WorkingNation welcomes journalist Livia Gershon as our featured columnist for August. This is the first in a series of four articles from Gershon, whose previous work can be read in HuffPost, Aeon and Vice.
Gershon examines the rising role of “emotional labor” in response to the displacement of workers due to automation. With manual labor increasingly being done by robots, what types of work will exist for displaced workers in an aging populace? Gershon suggests that jobs caring for each other, which requires more emotional skills, will present opportunities as well as challenges in the future.
Say you’re a roofer. Your job takes physical strength and expertise, and the ability to endure blistering sun. But at the end of the day, you’ve made something strong and useful.
Now, say you work with spreadsheets. Sometimes it’s pretty boring, but sometimes you have to get creative to solve the problems you’re given. You don’t care too much about your company’s overall mission, but it’s a nice feeling to finish a big project or get a thank-you message from your supervisor.
Ok, now you’re a nursing home aide, working on the dementia unit. Sometimes you can say a kind word to someone who’s scared and vacant and confused, and suddenly they’re present in the room with you again. Sometimes a resident dies, and you wonder if you did everything you could have for them. And then you have to go see what the next person needs.
Emotional labor, an ever-increasing part of the economy in an era when many other jobs are being automated, is complicated. Compared with physical or intellectual labor, its rewards may be bigger—even life-changing.
But, in some ways, it can be harder for workers than the most grueling manual or cognitive tasks. Customer service representatives need to react calmly in the face of unreasonable rage. Department supervisors have to support new hires, sensitively correct their mistakes, and break the news when corporate announces layoffs. Pediatric intensive care nurses have to find the words to talk with the parents of dying children.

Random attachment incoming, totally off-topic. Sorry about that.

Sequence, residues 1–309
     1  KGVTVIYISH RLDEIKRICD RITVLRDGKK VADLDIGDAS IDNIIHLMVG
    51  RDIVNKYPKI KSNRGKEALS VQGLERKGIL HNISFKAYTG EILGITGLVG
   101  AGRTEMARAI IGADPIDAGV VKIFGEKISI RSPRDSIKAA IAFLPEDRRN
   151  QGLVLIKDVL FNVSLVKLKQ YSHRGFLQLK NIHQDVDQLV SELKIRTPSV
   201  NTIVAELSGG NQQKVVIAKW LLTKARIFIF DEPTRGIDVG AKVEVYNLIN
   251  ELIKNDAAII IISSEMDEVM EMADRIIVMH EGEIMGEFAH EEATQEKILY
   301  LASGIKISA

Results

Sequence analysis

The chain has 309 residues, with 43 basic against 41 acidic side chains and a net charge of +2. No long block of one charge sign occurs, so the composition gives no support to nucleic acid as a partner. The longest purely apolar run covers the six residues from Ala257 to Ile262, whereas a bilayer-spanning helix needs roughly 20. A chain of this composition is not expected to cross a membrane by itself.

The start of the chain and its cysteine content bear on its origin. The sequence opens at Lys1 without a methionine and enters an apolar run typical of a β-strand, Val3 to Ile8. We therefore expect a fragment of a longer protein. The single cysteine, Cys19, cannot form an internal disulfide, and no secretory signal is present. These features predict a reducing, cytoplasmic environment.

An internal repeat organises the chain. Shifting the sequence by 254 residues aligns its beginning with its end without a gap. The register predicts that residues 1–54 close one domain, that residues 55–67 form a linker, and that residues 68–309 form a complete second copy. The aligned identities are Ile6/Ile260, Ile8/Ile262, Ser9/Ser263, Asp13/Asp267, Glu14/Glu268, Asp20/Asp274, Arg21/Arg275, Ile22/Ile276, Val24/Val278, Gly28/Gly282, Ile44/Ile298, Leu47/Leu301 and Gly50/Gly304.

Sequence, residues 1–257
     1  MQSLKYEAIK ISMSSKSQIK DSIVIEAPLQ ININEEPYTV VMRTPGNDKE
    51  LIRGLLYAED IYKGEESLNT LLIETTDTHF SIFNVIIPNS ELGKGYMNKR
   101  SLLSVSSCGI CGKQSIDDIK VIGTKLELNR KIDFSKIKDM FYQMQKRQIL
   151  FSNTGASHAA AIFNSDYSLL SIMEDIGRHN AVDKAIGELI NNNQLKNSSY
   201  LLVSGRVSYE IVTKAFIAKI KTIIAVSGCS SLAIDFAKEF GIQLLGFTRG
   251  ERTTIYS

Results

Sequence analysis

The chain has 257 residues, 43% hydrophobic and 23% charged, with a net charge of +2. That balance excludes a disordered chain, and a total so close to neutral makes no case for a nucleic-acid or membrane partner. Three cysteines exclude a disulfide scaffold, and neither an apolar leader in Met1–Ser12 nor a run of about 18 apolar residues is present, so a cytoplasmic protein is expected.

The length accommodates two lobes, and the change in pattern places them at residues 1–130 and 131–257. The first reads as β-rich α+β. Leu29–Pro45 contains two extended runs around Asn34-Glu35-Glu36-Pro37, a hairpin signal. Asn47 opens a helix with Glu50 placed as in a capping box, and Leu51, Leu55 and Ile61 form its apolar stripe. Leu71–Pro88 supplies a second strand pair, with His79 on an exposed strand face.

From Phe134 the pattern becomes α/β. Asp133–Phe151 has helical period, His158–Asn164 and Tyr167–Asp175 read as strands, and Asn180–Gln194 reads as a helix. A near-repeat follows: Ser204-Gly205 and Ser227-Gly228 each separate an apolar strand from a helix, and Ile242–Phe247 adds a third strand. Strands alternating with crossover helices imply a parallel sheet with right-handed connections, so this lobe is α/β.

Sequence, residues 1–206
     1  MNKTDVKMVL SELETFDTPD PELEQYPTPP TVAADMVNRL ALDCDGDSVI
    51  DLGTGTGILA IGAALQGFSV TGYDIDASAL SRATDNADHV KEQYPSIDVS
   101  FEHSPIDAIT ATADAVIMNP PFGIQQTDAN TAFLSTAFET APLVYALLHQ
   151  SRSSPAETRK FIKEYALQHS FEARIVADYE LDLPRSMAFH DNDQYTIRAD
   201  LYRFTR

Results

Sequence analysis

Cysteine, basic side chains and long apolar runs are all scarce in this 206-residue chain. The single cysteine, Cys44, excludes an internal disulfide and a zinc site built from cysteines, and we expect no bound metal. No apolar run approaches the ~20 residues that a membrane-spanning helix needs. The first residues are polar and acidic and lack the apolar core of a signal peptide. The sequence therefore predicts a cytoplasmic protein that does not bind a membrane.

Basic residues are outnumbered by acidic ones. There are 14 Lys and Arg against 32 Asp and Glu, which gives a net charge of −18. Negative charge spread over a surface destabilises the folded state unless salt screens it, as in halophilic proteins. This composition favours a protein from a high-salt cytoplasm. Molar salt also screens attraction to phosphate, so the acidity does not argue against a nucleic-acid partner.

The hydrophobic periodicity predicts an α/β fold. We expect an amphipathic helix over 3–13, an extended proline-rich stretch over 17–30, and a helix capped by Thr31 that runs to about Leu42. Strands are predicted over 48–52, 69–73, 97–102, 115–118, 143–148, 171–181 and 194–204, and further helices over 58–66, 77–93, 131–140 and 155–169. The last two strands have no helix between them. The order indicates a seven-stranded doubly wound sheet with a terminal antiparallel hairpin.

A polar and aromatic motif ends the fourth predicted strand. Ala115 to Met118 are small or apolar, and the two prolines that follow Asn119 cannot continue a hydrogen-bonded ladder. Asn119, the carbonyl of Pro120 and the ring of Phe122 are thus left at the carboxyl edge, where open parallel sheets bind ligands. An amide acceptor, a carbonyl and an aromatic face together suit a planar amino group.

What makes some people thrive in these kinds of jobs while others burn out and leave? In part, it has to do with how they go about performing the emotional duties of their jobs. In 1983 when sociologist Arlie Hochschild coined the term emotional labor—describing jobs where workers have to adjust their own emotional affect to serve their customers—she suggested that they may use two different methods. They can simply fake the emotion, or they can use Stanislavski-style “deep acting,” making an effort to really experience the appropriate feeling.
Since then, researchers have found that workers with a strong ability to recognize and work with emotions tend to use deep acting. Those less gifted in emotional intelligence use surface acting, which—as you’ll recognize if you’ve ever spent a couple of hours making small talk with people you can’t stand—is emotionally exhausting. It also doesn’t lend itself to good job performance.
Recognizing this issue, a whole host of human resource professionals and executive consultants have popped up in recent years, promising to school us in emotional intelligence and empathy. You can hone your emotional skills by practicing mindfulness exercises, learning about your own brain functions, or reading literature that explores diverse human experiences.
There’s evidence that at least some of these do work. Studies have found training programs can improve emotional intelligence by teaching people about emotional skills and giving them a chance to practice.